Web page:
McEvoy and Farmer
Research on the business of cancer testing in The Americas, Asia & Europe


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Who’s Who in the cancer testing business: The manufacturers who supply the labs

Just 10 companies took in in $1.7b of the $3.5b that was spent by labs with their suppliers in the US in 2013.

Roche Tissue Diagnostics, still known to most as Ventana, has a lot in common with Dako, the histology company Agilent paid $2.2b for in May 2012. These are the #1 and #2 producers of immunohistochemistry (IHC) systems. They both have smaller portfolios in primary staining and ISH/IHC companion diagnostics. They both will be damaged severely by the upcoming 2014 reductions in IHC reimbursement, expected to be in the range of 20-30%. They both can be expected to make more acquisitions in 2014 or thereafter.

Sakura and Thermo’s pathology business unit are similar in that they are both entirely focused on making equipment for 88305 billing, and so they were hit hardest when 88305 rates were cut in half at the beginning of 2013. They are both focused on making tissue processors, primary stainers, and embedding stations.


Thermo has a strong consumables franchise and a strong sectioning business, neither of which Sakura has. Sakura however sells a lot more tissue processors and H&E stainers than Thermo does. Neither of these two has an IHC business. After Thermo digests Life Technologies in the second quarter of 2014, the combined Thermo-Life cancer testing business will be worth about $205m, which will make Thermo the #4 cancer diagnostic product manufacturer.  Thermo will likely continue to make acquisitions in the pathology industry. Sakura, a closely-held Japanese family business, is unlikely to be involved in any M&A activity.

Leica competes with all four of the companies above.  About half their revenues come from their core histology (88305) products – tissue processors, H&E stainers, cover slippers, cryotomes, microtomes, and embedding stations – which compete with Sakura and Thermo. Their Bond IHC business is just under half of their histology business, and a fast-rising #3 behind Ventana and Dako in IHC markets. They have Danaher’s money behind them and the confidence of Danaher management. Since the last edition of this report Leica bought Aperio and Kreatech; more acquisitions can be expected in 2014 and beyond.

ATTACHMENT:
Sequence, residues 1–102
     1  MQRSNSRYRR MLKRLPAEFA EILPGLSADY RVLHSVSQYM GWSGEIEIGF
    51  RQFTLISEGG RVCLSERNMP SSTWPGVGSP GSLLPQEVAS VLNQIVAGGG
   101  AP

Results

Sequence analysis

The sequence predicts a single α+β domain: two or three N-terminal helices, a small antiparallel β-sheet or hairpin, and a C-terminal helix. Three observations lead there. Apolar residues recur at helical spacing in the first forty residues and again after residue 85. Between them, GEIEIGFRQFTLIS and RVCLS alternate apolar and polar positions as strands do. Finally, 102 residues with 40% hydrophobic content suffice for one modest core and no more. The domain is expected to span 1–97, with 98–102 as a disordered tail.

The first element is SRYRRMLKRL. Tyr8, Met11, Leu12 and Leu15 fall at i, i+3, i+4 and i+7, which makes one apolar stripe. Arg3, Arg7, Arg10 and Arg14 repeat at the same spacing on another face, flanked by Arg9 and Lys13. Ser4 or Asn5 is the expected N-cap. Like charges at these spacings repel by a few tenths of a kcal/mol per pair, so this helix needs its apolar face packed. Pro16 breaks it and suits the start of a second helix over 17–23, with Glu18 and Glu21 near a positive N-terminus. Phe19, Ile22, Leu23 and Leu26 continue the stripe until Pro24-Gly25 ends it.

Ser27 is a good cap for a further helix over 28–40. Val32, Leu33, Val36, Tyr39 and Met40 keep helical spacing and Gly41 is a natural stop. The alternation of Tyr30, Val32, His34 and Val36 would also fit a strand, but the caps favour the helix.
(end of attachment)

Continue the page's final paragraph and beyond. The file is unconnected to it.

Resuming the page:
Hologic and Qiagen share the dreary cervical cancer screening markets. In 2007 Hologic bought Cytyc’s Pap testing monopoly and Qiagen bought Digene’s HPV monopoly. The Pap testing market in the US is shrinking, and while HPV volume is growing, HPV margins are falling fast. So both Hologic and Qiagen have been investing their cervical cancer screening cash in new businesses.  Hologic bought the HPV businesses of Third Wave and then Gen-Probe.  Qiagen has invested its Digene cash in developing a broad expertise in companion diagnostics.

Abbott Molecular had enjoyed two near monopolies, their UroVysion bladder cancer screening racket and their newer ALK companion diagnostic business for Pfizer’s Xalcori lung cancer drug, until Kreatech started nibbling away at both in 2013. They also have a HER-2FISH test that competes with the Ventana and Dako molecular assays as well as the Ventana, Dako, and Leica IHC platforms.


The other two spots on the top ten are the two companies that make most of the instrumentation and consumables used for clinical oncology NGS testing. Illumina has the slight edge with 55-60% of the market at this writing (December 2013). The Life Technology Ion Torrent division has had great momentum with their PGM systems, which cost a lot less to buy and operate. But their founding scientist, the brain that launched the NGS industry, left in June 2013 and is starting a new competitive venture.  This development, and the chaos that always prevails after big mergers, combine to suggest a better future for Illumina than the Rothberg-less Ion Torrent division of ThermoFisher.

Though not quite in the in the top ten at present, honorable mention goes to Roche Molecular, which will do $1.1b worldwide in 2013, but will still fall short of $100m in molecular oncology in the US in 2013. Within a year or two they will probably have all the FDA approvals they need to compete with Qiagen across the board in HPV, KRAS, BRAF, and EGFR markets.  By 2016, nearly all of the homebrew activity will have given way to the kits of Roche and Qiagen and most likely a few others by then. Roche Molecular will break into the top ten in 2014 or 2015, and rise quickly through the ranks thereafter.

Chad McEvoy